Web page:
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I'm not a newbie but might as well be considering the blunder I just made. I accidentally deleted an email from an alpine folder in which I had saved all the emails between me and a correspondent. I realize this folder is actually a file, so what I really did was modify the file. I wanted to go back to the original, slightly longer file prior to it being modified by deleting that one email, so I searched for and found online instructions that I thought would do the job. Alas, in following those instructions I managed to somehow make all the contents of the file vanish. When I opened the file in alpine all I had was a blank screen. After a number of futile efforts at retrieving the data I gave up, deleted the file, and restored about half or two-thirds of the original file from a 2½ year old tar backup. I've asked my correspondent to send me all of our correspondence subsequent to June 20, 2010, but I'm not sure he has it all or if it'll be in a form I can manipulate once I get it (i.e., header info). For that reason, and also for general curiosity, I'm still wondering if there's a way to retrieve the info, since it's still on my hard drive and has probably mostly not been overwritten yet. I have the inode number, which I got while following the previously mentioned instructions. I also saw, at some point, a screen that gave beginning and ending block numbers, or something of that sort, but I didn't write it down at that point and don't know if that sort of thing would be saved to a log file, what log file that would be, or if it would be in a human readable form. My questions are: 1) what can I do with that inode number, if anything, to retrieve the contents of the original file; 2) is there a place to look, and if necessary a way to read, a log file containing the contents of the screen mentioned above? Feel free to spell out the several things I've done wrong, in case I've missed anything in my recriminations, but please don't rub in the fact that I've been stupid. I already figured that out. Any help and/or educational tips will be appreciated.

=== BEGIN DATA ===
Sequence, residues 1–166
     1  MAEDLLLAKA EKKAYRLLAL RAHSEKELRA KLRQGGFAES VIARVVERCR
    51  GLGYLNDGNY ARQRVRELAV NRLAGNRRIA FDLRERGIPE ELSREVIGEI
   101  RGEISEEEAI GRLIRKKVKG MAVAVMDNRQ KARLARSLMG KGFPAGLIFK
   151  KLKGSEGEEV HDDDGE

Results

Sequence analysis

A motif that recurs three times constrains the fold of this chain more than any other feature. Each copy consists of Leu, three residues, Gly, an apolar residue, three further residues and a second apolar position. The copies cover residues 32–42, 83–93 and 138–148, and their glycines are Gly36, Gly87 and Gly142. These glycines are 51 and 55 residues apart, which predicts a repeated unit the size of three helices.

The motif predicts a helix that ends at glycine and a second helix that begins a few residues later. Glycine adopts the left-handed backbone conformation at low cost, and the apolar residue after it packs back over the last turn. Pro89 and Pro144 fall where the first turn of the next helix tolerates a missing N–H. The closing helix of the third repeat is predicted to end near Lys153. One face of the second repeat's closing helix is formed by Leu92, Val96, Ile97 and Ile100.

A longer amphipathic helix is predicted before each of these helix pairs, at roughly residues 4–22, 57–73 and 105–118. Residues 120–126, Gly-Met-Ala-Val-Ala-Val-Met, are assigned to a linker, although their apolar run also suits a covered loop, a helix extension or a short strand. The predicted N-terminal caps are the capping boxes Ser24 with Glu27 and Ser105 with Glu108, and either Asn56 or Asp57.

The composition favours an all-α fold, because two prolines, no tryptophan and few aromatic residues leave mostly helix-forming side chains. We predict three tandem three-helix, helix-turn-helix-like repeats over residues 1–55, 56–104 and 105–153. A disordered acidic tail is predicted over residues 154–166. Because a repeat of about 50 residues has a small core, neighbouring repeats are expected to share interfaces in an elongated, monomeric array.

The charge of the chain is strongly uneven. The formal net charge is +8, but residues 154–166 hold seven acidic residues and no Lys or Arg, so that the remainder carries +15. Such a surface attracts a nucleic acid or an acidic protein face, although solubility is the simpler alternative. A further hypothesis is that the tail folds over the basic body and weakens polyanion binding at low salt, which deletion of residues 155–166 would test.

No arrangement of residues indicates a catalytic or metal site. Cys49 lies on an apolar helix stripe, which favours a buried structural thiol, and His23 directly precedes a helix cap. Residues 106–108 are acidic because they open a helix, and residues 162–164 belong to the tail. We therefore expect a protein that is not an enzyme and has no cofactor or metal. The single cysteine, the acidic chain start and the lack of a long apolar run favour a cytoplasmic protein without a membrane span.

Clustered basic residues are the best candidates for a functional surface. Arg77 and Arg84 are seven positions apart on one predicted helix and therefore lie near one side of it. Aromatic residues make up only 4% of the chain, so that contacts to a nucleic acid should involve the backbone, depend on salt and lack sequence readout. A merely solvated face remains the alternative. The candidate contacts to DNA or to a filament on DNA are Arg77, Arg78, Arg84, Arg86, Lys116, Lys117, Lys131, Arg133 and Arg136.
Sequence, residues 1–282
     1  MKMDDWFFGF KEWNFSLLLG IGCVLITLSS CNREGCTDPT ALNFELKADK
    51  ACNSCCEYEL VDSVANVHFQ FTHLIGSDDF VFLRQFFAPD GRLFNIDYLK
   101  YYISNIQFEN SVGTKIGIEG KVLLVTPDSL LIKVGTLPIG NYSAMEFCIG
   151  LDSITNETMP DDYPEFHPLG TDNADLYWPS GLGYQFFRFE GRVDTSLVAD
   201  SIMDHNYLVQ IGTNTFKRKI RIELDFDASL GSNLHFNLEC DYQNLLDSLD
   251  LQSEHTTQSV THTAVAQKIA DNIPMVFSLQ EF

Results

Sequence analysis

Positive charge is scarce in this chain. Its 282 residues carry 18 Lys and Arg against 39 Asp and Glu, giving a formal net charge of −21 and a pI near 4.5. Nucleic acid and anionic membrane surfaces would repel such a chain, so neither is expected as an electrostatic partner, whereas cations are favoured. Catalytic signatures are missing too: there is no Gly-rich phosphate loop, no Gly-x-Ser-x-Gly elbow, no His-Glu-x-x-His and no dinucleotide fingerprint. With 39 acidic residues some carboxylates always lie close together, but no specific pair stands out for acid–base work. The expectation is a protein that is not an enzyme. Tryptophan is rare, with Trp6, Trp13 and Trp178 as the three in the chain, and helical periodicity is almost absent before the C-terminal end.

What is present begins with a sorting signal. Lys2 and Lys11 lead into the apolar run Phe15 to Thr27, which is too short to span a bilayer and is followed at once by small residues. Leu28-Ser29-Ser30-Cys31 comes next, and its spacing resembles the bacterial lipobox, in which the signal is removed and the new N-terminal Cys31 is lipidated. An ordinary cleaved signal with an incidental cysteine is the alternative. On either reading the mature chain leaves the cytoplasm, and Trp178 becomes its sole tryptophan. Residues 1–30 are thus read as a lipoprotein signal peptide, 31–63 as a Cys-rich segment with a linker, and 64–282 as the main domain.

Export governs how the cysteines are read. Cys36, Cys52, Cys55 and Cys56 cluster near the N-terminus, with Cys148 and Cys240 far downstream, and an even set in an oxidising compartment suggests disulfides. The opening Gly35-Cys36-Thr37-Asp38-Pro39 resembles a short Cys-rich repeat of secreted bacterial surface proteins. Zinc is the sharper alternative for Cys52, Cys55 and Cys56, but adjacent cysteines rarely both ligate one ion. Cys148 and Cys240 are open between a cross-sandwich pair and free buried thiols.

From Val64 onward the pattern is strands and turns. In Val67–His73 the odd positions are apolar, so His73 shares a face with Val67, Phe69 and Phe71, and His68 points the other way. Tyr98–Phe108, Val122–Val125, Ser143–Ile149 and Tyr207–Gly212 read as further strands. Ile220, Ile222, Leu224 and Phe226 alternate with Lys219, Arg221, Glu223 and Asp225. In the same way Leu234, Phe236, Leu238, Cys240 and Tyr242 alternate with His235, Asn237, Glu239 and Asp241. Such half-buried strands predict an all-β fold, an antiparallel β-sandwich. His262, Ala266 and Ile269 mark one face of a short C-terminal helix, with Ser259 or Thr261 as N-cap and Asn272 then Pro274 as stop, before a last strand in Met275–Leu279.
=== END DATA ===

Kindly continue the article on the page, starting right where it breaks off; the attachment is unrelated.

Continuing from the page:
please don't rub in the fact that I've been stupid. I already figured that out.
I wouldn't call it stupid, I'd say you were unprepared. And with that you find yourself in the company of both new as well as seasoned Linux users. The difference is what you take away from the experience like finally deciding that making daily backups is a Good Thing...
The problem with deletion is that a lot of aspects work against you to deteriorate the situation and lessen chances of recovery: hardware, kernel, file system, anything that does write ops but most of all time. The best first reflex after deletion is to immediately remount the partition read-only or else immediately bring the machine down. The second reflex then should be to make a 'dd' copy of the partition to a file on a physically different partition or disk to ensure you have a backup. This backup then serves as "frozen", unalterable starting point. Without going into file system characteristics like secondary and tertiary indirect block allocation Mbox format is plain text meaning that you can easily do things in parallel like on the one hand have header / footer carvers like Photorec, Foremost, Scalpel or tools like extundelete search for text snippets and OTOH grep the image or use a hexeditor.